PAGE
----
Virginia: Carrying rifles or pistols with magazines that hold more than 20 rounds, or a shotgun that holds more than seven rounds of the longest ammunition for which it is chambered, is prohibited in public places only in the cities of Alexandria, Chesapeake, Fairfax, Falls Church, Newport News, Norfolk, Richmond and Virginia Beach and in the counties of Arlington, Fairfax, Henrico, Loudoun and Prince William. Those provisions do not apply to police, licensed security guards and military, or anyone who holds a valid concealed-handgun permit as well as hunters or recreational shooters at a range.
Connecticut: Has no law regulating large-capacity magazines.
Virginia: State law defines an assault weapon as "any semi-automatic, center-fire rifle or pistol" equipped with a magazine that holds more than 20 rounds or is "designed by the manufacturer to accommodate a silencer or equipped with a folding stock."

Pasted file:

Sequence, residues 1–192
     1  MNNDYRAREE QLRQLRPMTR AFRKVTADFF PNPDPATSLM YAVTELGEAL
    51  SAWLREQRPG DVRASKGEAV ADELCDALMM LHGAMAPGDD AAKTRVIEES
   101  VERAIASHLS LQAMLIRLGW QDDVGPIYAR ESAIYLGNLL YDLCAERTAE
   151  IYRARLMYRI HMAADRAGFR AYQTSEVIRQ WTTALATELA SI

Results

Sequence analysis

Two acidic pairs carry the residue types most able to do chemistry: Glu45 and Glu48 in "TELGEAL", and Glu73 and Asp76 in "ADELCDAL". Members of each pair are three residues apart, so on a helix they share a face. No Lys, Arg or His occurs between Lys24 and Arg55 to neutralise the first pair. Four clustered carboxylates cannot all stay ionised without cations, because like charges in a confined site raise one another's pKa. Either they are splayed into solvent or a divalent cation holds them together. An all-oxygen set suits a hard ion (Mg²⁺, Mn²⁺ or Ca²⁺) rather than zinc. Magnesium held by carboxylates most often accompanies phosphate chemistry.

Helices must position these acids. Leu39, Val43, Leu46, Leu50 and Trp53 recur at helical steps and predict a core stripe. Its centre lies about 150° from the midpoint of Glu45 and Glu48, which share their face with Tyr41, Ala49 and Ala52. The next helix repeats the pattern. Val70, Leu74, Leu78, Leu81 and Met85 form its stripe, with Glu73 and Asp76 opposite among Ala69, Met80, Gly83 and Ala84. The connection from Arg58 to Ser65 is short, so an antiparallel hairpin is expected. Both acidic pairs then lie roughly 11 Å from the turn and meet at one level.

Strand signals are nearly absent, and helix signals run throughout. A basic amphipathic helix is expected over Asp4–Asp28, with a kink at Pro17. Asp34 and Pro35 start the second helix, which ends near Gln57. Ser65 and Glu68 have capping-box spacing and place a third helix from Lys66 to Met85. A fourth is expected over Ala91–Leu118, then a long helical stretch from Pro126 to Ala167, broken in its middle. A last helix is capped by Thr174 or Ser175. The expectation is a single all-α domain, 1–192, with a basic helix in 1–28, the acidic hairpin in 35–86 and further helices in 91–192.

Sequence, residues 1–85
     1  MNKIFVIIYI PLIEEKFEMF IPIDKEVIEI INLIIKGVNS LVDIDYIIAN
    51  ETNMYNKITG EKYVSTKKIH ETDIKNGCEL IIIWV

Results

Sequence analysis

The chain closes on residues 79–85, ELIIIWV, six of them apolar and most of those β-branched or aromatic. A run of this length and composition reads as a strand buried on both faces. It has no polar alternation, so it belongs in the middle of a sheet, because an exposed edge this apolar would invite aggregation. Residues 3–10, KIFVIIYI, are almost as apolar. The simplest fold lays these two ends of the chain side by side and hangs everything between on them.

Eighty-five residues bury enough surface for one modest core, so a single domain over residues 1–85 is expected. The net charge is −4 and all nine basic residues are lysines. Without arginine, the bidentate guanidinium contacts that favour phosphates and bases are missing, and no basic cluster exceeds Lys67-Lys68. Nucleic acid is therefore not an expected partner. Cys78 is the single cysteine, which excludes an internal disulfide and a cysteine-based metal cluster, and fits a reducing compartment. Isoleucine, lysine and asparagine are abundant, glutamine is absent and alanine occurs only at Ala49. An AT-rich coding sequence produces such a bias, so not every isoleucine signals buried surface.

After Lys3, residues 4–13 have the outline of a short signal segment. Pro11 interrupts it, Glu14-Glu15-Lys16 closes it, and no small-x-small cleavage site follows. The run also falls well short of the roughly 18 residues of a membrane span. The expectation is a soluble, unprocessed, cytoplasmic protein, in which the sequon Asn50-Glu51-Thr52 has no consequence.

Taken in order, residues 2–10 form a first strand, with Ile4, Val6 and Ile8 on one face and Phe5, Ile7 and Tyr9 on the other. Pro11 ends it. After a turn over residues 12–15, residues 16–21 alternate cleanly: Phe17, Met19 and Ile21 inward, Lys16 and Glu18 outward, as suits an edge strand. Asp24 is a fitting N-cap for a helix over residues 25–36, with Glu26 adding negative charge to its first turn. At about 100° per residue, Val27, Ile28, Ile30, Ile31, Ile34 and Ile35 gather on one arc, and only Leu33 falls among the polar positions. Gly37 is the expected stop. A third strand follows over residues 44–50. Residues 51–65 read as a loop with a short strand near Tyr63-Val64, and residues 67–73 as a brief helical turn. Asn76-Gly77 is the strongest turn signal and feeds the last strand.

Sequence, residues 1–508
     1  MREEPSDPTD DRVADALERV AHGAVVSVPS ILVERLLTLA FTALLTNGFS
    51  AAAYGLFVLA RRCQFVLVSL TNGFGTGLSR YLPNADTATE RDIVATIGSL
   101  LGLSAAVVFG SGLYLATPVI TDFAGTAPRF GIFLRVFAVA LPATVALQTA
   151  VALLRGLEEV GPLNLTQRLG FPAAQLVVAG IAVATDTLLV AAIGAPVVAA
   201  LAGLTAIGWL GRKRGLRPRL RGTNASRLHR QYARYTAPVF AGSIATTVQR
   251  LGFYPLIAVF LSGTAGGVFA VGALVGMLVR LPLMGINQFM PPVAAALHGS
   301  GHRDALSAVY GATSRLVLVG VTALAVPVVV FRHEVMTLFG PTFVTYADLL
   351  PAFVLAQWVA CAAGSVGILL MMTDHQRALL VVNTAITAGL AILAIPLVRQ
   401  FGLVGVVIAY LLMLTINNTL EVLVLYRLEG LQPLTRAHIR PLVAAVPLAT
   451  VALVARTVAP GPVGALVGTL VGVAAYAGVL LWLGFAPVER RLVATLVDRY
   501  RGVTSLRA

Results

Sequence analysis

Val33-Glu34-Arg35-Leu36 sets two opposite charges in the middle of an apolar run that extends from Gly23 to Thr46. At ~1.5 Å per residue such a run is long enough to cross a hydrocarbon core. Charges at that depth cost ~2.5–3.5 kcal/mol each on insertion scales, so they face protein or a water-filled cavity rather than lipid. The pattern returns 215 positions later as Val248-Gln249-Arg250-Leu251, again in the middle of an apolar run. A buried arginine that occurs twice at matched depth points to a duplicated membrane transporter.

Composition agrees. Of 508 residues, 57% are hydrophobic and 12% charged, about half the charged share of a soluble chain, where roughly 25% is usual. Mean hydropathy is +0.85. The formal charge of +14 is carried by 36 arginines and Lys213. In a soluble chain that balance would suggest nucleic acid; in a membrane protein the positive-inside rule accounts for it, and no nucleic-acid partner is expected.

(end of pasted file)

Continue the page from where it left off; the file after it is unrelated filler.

The only restrictions on such weapons, apart from the high-capacity magazine law, apply to non-U.S. citizens or those who are not "lawfully admitted for permanent residence." Those individuals are barred from possessing, carrying or transporting any assault firearm.
Connecticut: The state defines an assault weapon as "any selective-fire firearm capable of fully automatic, semi-automatic or burst fire at the option of the user or any of the following specified semi-automatic firearms," and names nearly three dozen specific models. Other characteristics of weapons that designate them as assault weapons are folding or telescoping stocks, pistol grips, bayonet mounts, flash suppressors and a grenade launcher, among others. Individuals are prohibited from possessing such weapons unless it was purchased prior to July 1, 1994, and the owner was eligible to buy it at that time, "lawfully possessed it" prior to Oct. 1, 1993, and is not in violation of other state firearm laws.
A semi-automatic Bushmaster .223-caliber rifle, which is descended from the military-issued M-16 but has some significant differences, is believed to have been used in the Connecticut school killings. It was not covered under the ban. News reports have indicated the shooter, Adam Lanza, used 30-round magazines for the weapon.